East Grand Forks Honor Guard finds meaning in ceremony
The military bugle playing taps can send Terry Buraas back in time, he said. Buraas, a member of the American Legion Post 157 honor guard in East Grand Forks, hears the melancholy call about 40 to 60 times a year. That's how often he attends mili...
The military bugle playing taps can send Terry Buraas back in time, he said.
Buraas, a member of the American Legion Post 157 honor guard in East Grand Forks, hears the melancholy call about 40 to 60 times a year. That's how often he attends military funeral ceremonies.
"It means a lot because of what you go through," he said. "I was in combat, but not everybody was. ... Being a veteran, you know what goes through everybody's mind when you're out in a foxhole."
Members of the American Legion and VFW Post 3817 held a ritual firing Monday during a Memorial Day ceremony at Resurrection Cemetery in East Grand Forks. Buraas joined several residents who listened to readings of a prayer, the history behind the holiday and the names of 34 fallen members of the military.
Honor guard members say funeral ceremonies are the least they can do for veterans. Buraas was eligible for membership after fighting in the Vietnam War from 1968-1971.
"It's an honor to do it," he said. "It's one of the most powerful things you can do for a deceased veteran."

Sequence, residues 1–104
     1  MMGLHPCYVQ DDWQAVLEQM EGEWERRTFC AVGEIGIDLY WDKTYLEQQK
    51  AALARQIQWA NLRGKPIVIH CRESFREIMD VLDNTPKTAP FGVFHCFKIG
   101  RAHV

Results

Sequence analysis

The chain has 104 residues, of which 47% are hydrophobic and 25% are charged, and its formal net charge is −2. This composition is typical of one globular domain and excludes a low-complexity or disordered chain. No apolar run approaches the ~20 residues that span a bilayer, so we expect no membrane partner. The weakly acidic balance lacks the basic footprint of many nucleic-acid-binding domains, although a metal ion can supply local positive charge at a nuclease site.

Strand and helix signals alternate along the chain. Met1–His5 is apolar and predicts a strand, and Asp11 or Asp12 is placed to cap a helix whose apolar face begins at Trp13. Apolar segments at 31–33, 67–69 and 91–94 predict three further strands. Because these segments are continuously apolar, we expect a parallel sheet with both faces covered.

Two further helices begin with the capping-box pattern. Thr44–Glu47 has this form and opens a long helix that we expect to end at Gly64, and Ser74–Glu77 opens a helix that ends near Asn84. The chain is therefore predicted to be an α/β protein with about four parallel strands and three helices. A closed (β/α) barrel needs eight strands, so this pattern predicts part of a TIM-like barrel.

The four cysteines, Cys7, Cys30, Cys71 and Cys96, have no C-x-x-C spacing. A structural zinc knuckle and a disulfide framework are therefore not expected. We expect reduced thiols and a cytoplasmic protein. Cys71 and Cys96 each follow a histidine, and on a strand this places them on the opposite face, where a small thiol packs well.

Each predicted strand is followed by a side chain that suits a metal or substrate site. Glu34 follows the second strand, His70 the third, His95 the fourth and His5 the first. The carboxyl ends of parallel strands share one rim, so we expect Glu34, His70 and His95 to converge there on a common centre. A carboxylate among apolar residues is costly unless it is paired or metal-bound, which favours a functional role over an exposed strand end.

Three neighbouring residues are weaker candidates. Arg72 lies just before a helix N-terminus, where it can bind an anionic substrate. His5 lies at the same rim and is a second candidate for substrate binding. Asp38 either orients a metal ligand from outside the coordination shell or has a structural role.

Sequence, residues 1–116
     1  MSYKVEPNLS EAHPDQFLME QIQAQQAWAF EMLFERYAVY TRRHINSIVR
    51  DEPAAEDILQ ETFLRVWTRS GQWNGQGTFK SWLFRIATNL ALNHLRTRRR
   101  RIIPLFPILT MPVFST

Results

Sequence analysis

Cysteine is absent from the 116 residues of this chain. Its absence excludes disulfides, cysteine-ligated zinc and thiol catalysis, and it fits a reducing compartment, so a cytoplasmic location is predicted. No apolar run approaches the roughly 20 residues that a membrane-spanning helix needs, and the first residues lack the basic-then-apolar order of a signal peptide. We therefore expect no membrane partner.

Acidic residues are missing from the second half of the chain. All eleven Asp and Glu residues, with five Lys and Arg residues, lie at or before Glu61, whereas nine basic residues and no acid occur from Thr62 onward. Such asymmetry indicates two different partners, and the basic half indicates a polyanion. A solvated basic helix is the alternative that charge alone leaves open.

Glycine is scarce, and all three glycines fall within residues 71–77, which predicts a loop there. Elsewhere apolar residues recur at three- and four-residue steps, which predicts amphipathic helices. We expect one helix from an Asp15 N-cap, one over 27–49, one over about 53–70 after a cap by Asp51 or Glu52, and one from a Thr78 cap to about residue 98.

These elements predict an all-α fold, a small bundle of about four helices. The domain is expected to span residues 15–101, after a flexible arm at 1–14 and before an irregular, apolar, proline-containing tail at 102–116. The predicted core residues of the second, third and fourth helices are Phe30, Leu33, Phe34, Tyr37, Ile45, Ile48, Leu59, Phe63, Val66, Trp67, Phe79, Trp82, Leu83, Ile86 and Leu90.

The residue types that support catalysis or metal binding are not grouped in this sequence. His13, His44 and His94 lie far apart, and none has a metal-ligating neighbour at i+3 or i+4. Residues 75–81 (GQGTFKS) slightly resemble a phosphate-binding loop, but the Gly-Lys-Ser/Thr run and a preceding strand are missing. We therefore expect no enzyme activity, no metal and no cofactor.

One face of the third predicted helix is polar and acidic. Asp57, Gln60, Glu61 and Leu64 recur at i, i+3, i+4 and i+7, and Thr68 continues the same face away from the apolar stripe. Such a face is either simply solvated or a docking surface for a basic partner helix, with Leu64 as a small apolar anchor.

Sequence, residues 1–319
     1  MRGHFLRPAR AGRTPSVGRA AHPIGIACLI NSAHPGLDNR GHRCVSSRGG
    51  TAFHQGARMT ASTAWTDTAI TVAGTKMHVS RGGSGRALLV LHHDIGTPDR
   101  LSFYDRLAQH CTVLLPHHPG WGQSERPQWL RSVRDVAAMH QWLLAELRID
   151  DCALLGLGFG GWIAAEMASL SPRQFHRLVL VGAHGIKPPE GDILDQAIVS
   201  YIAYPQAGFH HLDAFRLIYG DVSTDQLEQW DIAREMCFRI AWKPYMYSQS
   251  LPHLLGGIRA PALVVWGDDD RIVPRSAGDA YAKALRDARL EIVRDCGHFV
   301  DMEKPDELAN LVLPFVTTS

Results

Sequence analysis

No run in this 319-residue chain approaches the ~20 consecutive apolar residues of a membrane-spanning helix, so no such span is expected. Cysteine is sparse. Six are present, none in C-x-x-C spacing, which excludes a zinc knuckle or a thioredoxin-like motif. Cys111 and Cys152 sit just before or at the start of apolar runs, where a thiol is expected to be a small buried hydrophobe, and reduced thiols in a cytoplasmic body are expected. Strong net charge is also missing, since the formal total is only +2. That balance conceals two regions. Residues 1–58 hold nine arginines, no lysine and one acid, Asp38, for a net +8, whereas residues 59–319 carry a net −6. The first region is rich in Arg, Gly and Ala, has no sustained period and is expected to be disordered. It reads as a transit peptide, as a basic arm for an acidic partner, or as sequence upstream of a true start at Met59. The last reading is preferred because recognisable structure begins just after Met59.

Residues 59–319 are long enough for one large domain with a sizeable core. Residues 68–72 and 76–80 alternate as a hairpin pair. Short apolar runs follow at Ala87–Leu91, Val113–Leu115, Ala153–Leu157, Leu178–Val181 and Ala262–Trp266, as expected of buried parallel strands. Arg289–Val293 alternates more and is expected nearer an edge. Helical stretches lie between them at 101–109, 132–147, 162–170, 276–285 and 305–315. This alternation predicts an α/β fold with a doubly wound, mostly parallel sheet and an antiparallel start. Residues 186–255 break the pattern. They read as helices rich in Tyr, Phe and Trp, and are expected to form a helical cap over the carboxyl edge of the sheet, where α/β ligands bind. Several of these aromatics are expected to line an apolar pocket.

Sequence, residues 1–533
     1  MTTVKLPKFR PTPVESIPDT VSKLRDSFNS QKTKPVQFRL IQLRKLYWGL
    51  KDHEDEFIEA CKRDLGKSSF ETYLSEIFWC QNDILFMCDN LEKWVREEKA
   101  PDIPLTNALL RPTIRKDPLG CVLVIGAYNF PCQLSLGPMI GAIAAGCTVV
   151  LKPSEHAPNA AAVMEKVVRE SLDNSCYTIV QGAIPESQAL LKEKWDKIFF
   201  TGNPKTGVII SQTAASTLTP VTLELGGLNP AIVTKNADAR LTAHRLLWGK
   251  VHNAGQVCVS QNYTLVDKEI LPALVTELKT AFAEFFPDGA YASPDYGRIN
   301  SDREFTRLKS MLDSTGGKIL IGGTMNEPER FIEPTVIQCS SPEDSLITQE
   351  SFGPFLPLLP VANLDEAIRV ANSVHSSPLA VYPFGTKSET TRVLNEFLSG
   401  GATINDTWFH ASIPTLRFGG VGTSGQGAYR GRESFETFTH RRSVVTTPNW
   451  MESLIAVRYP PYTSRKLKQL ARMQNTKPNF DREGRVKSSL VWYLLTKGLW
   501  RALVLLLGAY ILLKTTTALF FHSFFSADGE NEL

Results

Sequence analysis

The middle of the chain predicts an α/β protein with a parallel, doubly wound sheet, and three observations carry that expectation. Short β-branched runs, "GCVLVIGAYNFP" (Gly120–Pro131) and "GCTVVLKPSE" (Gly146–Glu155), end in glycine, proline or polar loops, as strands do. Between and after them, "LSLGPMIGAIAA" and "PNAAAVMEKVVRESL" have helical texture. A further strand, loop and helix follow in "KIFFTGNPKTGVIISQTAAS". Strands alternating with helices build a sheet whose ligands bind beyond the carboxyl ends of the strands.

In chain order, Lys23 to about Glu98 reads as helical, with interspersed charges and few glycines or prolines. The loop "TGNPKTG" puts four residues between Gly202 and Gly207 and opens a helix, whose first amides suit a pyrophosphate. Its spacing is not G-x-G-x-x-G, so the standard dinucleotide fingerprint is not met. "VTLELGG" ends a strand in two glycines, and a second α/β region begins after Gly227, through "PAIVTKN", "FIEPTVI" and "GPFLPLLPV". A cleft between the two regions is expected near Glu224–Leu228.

Of the 800 or so American Legion members, about 15 are honor guard, and members put on funerals for any veteran, they said.
"Just because you don't pay dues at our club doesn't mean we won't do your funeral for you," Baraas said.
At each funeral, military officials present an American flag to the next of kin and honor guard members fire a three-volley salute, which originated as a ceasefire for both sides to clear the dead from the battlefield, said Lyle Rose, assistant sergeant of arms for Post 157.
"Most (used to view) the volleys as an announcement to the afterlife-here comes a real warrior," he said.
Like Buraas, he said the bugle call is one of the most meaningful parts of the ceremony, both for honor guard members and families. Once he hears it, he starts thinking of some stories U.S. Marine vets told about World War II, when Allied and Japanese forces fought on and around the Solomon Islands, he said.
"They sat on Guadalcanal for weeks, eating rice that had been used for sandbags," he said.
Some honor guard members participate in ceremonies as they struggle with illness like cancer-or, in one case, blindness. But the hardest part is putting on funerals for people they know, they said.
Buraas said he broke down a little giving a speech for a longtime chaplain he knew, while Rose, who taught in Buxton, N.D., after his experience in the U.S. Army Reserve, had to present a flag to one of his former students.
"Both his mother and father were gone, and he was 17 years old," he said. "You just felt for him-he was all alone."
Buraas and Rose said the ceremonies are a small sacrifice in exchange for what the nation has received.
"These people have done a tremendous service for our country," said Rose.